I stared at the headline on my computer screen, my face flush with embarrassment. It was still dark outside in the predawn of March 29, 2013, the day when my dreams of becoming a well-known writer came true. Indeed, by the time the sun came up, my work had reached millions. And I couldn’t stop crying.
I pulled my bathrobe more tightly around me and scrolled further down, picking at the scab.
“Thanks to Lame Leaked Star Trek Parody, IRS Definitely Not Getting Into Its Local Comedy Troupe.”
And several more quoting William Shatner’s dismay. Somehow these hurt the most, me being a lifelong Trekkie—or Trekker, as us Trekkies like to say. And now my beloved Captain Kirk was appalled. Ouch.
It’d been just another assignment at the day job, another routine writing task among many working as a communications analyst for the Internal Revenue Service. They’d needed an opener, my boss had said, a short video, five minutes tops, to kick off a managers training conference. Something to really rev things up, let the frontline folks know they were appreciated. Permission to get creative, he’d said.
Five of us were tagged for the project. I called first dibs on the first draft—never mind I’d never written a script before. Hey, I knew how to write, and I knew “Star Trek,” so I downloaded a screenwriting template and was soon happily typing away to reveal a story about the planet “Notax” where anarchy reigned due to the lack of a working tax system. I added lots of insider jokes I hoped would resonate with the managers and ended with the Enterprise gang swooping in to save Notax’s economic system thereby providing public funds and community parks for all.
My teammates did some well-placed editing, added in a few of their own one-liners, and voilà, a script was born.
“This is great,” my boss said, and I believed him.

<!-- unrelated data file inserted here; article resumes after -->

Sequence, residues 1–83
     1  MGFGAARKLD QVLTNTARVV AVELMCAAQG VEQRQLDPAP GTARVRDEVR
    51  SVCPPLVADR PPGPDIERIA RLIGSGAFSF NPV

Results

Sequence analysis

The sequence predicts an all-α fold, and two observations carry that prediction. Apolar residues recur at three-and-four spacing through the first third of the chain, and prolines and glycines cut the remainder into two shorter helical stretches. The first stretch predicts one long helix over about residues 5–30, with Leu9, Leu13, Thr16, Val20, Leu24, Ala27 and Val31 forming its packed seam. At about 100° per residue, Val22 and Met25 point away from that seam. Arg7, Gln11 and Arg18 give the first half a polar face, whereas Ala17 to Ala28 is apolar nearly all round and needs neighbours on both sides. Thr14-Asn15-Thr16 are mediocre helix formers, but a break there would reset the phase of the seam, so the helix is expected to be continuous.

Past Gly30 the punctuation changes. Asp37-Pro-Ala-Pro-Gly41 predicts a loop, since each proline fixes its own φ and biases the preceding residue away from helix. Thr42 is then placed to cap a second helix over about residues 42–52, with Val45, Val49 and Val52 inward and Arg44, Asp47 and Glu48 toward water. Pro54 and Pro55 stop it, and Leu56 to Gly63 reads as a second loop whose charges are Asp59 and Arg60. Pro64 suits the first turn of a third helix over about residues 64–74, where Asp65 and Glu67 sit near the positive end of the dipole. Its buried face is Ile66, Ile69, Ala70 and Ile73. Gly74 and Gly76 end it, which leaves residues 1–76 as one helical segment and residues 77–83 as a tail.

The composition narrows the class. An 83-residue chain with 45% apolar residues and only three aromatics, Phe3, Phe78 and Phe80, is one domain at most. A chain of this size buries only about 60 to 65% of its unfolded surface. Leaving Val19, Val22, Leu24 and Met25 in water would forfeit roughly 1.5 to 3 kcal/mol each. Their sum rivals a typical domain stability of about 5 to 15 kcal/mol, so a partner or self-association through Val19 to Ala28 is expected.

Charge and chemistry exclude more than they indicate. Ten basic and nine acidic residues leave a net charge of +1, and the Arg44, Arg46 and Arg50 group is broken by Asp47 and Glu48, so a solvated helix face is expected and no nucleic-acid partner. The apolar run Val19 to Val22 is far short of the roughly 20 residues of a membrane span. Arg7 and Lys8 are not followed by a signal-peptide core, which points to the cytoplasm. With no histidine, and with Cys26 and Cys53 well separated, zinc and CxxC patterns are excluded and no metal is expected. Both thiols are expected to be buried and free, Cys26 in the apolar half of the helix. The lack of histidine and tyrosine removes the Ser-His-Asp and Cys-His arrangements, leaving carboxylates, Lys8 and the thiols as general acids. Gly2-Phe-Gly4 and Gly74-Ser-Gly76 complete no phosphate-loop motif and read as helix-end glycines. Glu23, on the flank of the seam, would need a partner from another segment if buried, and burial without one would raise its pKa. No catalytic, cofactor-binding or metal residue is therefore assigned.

I was lucky enough to live near the conference location and got permission to attend my little video’s big debut. I stood in the back and breathed it all in: the cheers, the laughter, the happy shouts from the troops. Five heady minutes later and my adventure in screenwriting came to a close.
Or so I thought.
After a few years’ incubation, the video started to surface in the outside world. First, some staffers on Capitol Hill got wind of it, and then, inevitably, the media. Next came the roar of public outcry that the IRS had spent its time and money on anything other than administering taxes. Had the criticism stayed along those fiscal lines, my writer’s ego might have better weathered the storm. But the barrage of “Stupid IRS film” headlines and sharply critical comments wore me down.
The video itself, trailing best intentions like toilet paper, was inescapable. Local news, national news, “Good Morning America.” Christmas came early for late night talk show hosts while I sank even deeper under the covers.
At work, I hid behind careful writing devoid of humor or spark, a Stepford writer aiming to please. That’s when cancer found me. It beat me up some but reminded me that this sweet life is too short to be bound by limitations. Now that, Dear One, the Universe whispered in my ear, would be stupid.
So I started to write outside the lines again—for my freelance stuff, anyway. Like seeing a psychic for the first time (they’re actually just like you and me except smell more of incense) or taking a pole dancing class and calling it exercise.
Point is, these random, barefoot stories got published and seemed to be a hit with readers. Fascinating. Because in the end (and you know it’s coming), I’m a writer, Mr. Shatner. And a survivor.
May you, too, live long and prosper.